Second wave of COVID-19 in UK has reached “critical” stage, says study

Second wave of COVID-19 in UK has reached “critical” stage, says study

By Dr. Liji Thomas, MDNov 8 2020

Caused by the highly contagious pathogen, severe acute respiratory syndrome coronavirus 2 (SARS-CoV-2), the feared but expected the second wave of coronavirus disease 2019 (COVID-19) has already hit the UK. This can be seen in the current high prevalence of infection across the country. Thus, the virus is poised to take a high toll on the country’s public health – and ultimately many of its citizen’s lives – unless prompt containment measures are put in place, says a recent study published on the preprint server medRxiv.*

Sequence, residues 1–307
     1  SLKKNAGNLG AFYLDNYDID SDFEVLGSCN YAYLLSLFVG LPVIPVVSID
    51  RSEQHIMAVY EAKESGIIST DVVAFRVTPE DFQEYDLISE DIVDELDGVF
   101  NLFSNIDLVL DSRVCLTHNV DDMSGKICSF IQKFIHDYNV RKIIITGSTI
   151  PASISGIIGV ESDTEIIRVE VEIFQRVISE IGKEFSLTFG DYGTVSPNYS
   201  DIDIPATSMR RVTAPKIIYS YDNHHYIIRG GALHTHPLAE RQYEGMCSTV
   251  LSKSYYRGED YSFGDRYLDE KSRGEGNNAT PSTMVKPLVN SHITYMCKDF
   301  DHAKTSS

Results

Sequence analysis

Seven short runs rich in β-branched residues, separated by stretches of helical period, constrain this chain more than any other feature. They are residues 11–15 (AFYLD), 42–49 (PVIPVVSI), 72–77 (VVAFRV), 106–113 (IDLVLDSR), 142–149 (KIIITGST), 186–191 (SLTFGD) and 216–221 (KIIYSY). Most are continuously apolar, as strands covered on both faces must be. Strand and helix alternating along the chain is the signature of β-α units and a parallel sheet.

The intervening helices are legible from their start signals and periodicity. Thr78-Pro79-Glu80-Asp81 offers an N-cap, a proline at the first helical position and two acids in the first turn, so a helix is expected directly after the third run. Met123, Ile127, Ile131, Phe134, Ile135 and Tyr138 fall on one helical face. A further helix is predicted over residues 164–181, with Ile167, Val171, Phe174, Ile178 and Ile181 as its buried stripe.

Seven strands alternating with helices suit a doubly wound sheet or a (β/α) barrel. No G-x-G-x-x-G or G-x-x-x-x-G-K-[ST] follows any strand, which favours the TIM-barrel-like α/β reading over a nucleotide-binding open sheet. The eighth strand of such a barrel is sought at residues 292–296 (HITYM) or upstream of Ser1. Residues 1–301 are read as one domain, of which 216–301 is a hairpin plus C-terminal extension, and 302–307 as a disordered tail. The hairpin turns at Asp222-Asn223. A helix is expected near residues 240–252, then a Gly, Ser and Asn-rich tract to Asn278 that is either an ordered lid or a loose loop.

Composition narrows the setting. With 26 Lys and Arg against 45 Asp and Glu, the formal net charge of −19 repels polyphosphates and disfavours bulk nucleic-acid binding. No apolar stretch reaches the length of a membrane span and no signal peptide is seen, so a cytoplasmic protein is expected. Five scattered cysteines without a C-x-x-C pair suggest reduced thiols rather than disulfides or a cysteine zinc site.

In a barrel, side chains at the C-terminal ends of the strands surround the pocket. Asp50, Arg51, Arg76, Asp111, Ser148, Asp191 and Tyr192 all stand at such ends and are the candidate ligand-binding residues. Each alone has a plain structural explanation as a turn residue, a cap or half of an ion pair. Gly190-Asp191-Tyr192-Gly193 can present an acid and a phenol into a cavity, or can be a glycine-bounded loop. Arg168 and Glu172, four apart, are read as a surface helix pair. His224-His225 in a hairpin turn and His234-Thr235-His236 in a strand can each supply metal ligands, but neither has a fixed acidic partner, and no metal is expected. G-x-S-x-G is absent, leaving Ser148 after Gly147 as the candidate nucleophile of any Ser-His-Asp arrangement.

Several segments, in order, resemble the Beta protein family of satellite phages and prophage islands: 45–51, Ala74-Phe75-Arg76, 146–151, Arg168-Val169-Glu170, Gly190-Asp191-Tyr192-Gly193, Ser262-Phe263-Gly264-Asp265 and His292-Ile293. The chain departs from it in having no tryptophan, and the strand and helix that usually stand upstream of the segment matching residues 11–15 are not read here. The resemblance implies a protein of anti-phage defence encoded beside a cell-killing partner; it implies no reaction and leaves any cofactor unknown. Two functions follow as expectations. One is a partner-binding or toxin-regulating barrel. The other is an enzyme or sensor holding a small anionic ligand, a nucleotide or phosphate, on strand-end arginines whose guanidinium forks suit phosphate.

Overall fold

Study: High prevalence of SARS-CoV-2 swab positivity and increasing R number in England during October 2020: REACT-1 round 6 interim report. Image Credit: Tanya Panova / Shutterstock

The first wave of the pandemic in the UK occurred from March and April 2020, characterized by a high infection peak and then a steep and continuing decline in new infections that lasted until the beginning of August. From this point on, there has been a steady rise in infections, with the reproduction number (R) staying above 1, indicating a propagating epidemic.

Increasing Prevalence

The current paper reports the preliminary findings of the sixth round of the REal-time Assessment of Community Transmission-1 (REACT-1) study, which has traced the path of the outbreak in England since May this year (2020). The fifth-round results, based on the examination of viral RNA testing by reverse transcriptase-polymerase chain reaction (rt-PCR) from September 18 to October 5, showed the national prevalence to be at high levels again; 0.60%, with a high concentration of cases in the northern parts of the UK.